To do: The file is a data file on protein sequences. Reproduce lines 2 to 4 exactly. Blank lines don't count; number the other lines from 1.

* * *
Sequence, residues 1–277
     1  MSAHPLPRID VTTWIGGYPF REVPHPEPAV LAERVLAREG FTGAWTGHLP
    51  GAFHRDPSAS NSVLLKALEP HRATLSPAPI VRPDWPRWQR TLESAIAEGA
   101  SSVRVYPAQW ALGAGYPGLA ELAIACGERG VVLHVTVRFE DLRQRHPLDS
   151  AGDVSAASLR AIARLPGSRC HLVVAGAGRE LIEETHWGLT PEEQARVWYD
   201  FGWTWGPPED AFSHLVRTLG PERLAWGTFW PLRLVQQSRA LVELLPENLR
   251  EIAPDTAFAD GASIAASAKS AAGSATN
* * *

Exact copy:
     1  MSAHPLPRID VTTWIGGYPF REVPHPEPAV LAERVLAREG FTGAWTGHLP
    51  GAFHRDPSAS NSVLLKALEP HRATLSPAPI VRPDWPRWQR TLESAIAEGA
   101  SSVRVYPAQW ALGAGYPGLA ELAIACGERG VVLHVTVRFE DLRQRHPLDS